IEA Director, Industry Leaders Call Electricity the Lifeblood of the Information Age

(Montreal) — 19 June 2000

Robert Priddle, Executive Director of the Paris-based International Energy Agency, joined the leaders of four international electricity associations in a joint statement issued today at the “Electricity: the new millennium” conference in Montreal.

The statement described electricity as the lifeblood of the advancing Information Age. At the same time it pointed out that more than 2 billion people still do not yet enjoy the most basic benefits of electricity – reducing manual labour, enabling education, increasing productivity and improving the quality of life.

This unique meeting brings together the Edison Electric Institute, the Union of the Electricity Industry – EURELECTRIC (formed from the merger of UNIPEDE and EURELECTRIC), the Canadian Electricity Association, the Federation of Electric Power Companies of Japan, in co-operation with the International Energy Agency, as well as many other distinguished participants from around the world.

Together, these organisations affirm a common goal of providing reliable, reasonably priced electricity to meet growing needs in an environmentally responsible and economically sustainable manner. Electricity is uniquely qualified in meeting the twin goals of environmental stewardship and economic development for a growing world population.

The organisations jointly agree on a set of key conditions and principles that should be recognised by the industry, policy makers and regulators to ensure that this common goal can be broadly achieved. These include:

  • A reliable, affordable and environmentally responsible supply of electricity is fundamental to every nation’s ability to meet the legitimate quality of life aspirations of its citizens. Without this basic element of modern society, disparities among the world’s population will increase, leading to undesirable industrial and social effects in nations throughout the world.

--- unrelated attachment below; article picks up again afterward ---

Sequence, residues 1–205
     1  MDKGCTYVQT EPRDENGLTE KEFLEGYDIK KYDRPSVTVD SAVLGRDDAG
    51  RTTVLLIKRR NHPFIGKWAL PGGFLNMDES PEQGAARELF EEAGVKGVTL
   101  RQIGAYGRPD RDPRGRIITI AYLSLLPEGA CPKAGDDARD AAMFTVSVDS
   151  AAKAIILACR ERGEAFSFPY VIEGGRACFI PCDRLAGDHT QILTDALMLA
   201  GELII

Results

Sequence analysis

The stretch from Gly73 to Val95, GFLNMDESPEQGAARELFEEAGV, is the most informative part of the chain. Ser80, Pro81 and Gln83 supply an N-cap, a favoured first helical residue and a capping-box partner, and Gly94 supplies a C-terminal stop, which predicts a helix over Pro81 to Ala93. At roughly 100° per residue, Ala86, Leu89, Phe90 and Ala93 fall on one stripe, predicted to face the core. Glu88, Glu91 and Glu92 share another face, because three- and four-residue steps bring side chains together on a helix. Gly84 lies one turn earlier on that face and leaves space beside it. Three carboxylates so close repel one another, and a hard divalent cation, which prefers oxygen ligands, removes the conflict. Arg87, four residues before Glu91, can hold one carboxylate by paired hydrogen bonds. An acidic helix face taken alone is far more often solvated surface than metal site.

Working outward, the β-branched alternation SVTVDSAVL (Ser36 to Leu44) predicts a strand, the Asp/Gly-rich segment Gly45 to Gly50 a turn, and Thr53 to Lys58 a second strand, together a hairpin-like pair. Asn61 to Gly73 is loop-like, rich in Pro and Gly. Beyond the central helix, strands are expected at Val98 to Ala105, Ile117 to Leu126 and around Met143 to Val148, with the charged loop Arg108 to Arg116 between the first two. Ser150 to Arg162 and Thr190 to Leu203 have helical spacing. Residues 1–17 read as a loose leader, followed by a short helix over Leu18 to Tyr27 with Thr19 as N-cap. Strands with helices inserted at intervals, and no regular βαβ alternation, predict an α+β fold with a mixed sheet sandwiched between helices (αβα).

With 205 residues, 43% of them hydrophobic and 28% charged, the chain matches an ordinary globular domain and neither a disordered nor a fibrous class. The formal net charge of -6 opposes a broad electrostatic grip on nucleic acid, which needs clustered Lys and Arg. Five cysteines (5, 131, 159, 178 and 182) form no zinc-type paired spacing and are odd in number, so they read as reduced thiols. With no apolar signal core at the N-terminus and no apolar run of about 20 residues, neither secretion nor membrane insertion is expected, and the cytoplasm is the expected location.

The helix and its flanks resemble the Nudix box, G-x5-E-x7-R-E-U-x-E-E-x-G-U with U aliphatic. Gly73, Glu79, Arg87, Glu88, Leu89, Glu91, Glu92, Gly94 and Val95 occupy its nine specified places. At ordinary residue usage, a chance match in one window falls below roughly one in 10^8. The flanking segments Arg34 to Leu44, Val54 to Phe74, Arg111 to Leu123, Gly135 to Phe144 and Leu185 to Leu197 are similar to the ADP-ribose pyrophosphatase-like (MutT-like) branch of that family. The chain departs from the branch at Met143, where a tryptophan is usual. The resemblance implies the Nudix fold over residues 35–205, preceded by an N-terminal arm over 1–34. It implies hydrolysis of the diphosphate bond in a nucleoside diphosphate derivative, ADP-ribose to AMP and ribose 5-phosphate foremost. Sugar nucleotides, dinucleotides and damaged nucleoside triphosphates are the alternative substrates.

• Governments should provide policy frameworks best characterised by open markets and avoidance of measures that distort those markets. Recognising individual characteristics of their nations, policy makers and regulators should resist pressure to create specific outcomes where there is a consensus that markets, rather than regulation, can best achieve desired outcomes. They should rely on these markets to develop new, efficient solutions.
  • Regulation of remaining monopoly components should recognise the need for long-term investment to develop, maintain and expand electricity systems to the benefit of customers. Competitive returns on investment are necessary to encourage innovation and development of robust, reliable electric systems.
  • Development or expansion of electricity production or delivery systems requires governments to establish sound frameworks to encourage investment. Actions may include strategies and mechanisms to moderate the higher risks often present in developing countries in order to provide electricity at reasonable prices.
  • Electricity remains the most versatile form of energy, offering the potential for production from many forms of indigenous and renewable energy sources both in grid-based and standalone settings. Policy makers should recognise the value of maintaining fuel diversity in supporting electric system economy and reliability.
  • Governments and industry must continue to work co-operatively in the development of low-cost, efficient and reliable technologies for production and delivery of electricity. Long-term public and private investment in technology research and development is essential and provides a valuable area for co-operation between government and industry.
  • New and promising technologies may require special support to overcome hurdles based on technical development or economic scale in order to compete with historic technologies. However, experience has shown that mandating purchase or specific levels of market share tend to increase customer costs or distort the efficiency of electricity markets.
  • Where societal goals, such as environmental protection, must be translated into costs reflected in the marketplace, governments and industry should strive together to find efficient, market-oriented solutions.

In order that the valuable exchange of ideas and experience among the leaders of the electricity industry gathered in Montreal not be lost, the sponsoring organisations pledge themselves to expand co-operation in support of these principles and concepts for the advancement of their members, customers and economies.